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John DeShazier: Key ingredients to a Saints victory presented by Domino's

Protecting the ball would go a long way toward victory

  1. Is a coincidence that the New Orleans Saints won the only game in which they didn't turn over the football? Maybe, but we know this – holding on to it increases the chances of winning tremendously. As it stands, the Saints, with 10 turnovers and five takeaways, essentially are on pace to equal last year's marks of 30 and 17, respectively. They're working to pump the brakes on that phase of their game, so ball security on offense (four interceptions, six lost fumbles) and pressure on defense (seven sacks so far) will go a long way toward reversing what has become a disturbing trend.
  1. Another non-sexy topic: Penalties. The Saints average eight per game, tied for ninth-most in the league, after committing just five per game last year. Defensive penalties extend opposing drives, and offensive penalties go a long way toward snuffing out Saints drives. When Saints coaches and players talk about doing things to beat yourself – the things that New Orleans usually hasn't done under Coach Sean Payton– count turnovers and penalties as the top two items on that list.
  1. Another trend that is disturbing: Drew Breeshas been sacked 14 times. No quarterback can play at an elite level, or win many games – or hold up over the course of a season – at that rate. Atlanta only has six sacks this season, so maybe this is a game that Brees stays upright often enough to make some good things happen. And by good things, that's a specific referral to points. The Saints are scoring just 20.6 points per game and only once have topped 20; they're overdue for a breakout.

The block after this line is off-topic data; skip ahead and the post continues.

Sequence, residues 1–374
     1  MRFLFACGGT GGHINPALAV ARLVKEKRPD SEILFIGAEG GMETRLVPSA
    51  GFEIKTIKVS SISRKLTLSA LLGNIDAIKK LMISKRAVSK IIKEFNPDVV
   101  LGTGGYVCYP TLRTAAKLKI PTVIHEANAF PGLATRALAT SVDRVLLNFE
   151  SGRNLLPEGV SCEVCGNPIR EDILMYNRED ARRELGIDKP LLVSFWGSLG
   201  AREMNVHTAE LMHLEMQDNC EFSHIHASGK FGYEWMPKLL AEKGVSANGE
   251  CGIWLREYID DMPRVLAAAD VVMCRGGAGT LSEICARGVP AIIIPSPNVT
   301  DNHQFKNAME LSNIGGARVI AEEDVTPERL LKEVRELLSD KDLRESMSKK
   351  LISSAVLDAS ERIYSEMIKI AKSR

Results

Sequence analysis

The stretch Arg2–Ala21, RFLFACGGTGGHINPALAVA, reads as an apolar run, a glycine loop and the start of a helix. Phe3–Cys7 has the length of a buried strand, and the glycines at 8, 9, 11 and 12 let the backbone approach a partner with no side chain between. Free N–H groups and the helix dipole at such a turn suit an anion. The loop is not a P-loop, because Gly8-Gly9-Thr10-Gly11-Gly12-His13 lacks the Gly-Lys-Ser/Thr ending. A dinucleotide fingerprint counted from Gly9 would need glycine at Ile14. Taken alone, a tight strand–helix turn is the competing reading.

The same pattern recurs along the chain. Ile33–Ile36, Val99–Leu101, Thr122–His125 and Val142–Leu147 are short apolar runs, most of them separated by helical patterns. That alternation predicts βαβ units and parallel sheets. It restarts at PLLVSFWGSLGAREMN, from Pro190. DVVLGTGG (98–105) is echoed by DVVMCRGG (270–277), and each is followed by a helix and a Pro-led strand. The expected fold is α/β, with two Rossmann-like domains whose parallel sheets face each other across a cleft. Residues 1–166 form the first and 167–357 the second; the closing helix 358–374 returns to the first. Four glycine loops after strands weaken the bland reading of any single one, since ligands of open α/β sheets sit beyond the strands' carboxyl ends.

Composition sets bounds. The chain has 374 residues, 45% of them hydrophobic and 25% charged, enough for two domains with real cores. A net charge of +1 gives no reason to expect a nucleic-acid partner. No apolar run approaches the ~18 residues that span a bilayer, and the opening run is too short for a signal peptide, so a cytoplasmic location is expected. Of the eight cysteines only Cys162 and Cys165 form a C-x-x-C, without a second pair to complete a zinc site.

1. With Marques Colstonsidelined by a shoulder injury, Brandon Colemanmay have a better chance to produce. The first-year receiver has been a bit slow out of the gate (nine catches for 113 yards and a touchdown), and Brandin Cooks(25 catches for 322 yards and a touchdown) and Willie Snead(who has been the most pleasant offensive surprise, with 22 catches for a team-leading 381 yards and a touchdown) need a bit of assistance. The Saints have gotten great production in the passing game from running backs Mark Ingramand Khiry Robinson(a combined 36 catches), but Coleman is a big target who really could be useful.
  1. Defensively, the Saints were lights out against Philadelphia for almost an entire half, including two fourth-down stops and end zone interceptions by cornerbacks Brandon Brownerand Delvin Breauxin four of the first five drives. It wasn't good enough against Philadelphia, and one good half of play won't be good enough against Atlanta. Even with All-World receiver Julio Jonesiffy because of a tender hamstring, the Falcons possess a formidable offense and a running back (Devonta Freeman) who's ripping apart opponents on the ground (93 carries for 405 yards and eight touchdowns) and through the air (24 catches for 240 yards). Quarterback Matt Ryanis one of the best in the league and he was top-notch last season against New Orleans – a combined 61 for 83 (73.5 percent) for 770 yards and four touchdowns, without an interception, in the two games. New Orleans is last in the league at 409 yards allowed per game, and next-to-last at 28.6 points allowed. It's going to be a long night defensively if the Falcons finish near those numbers.
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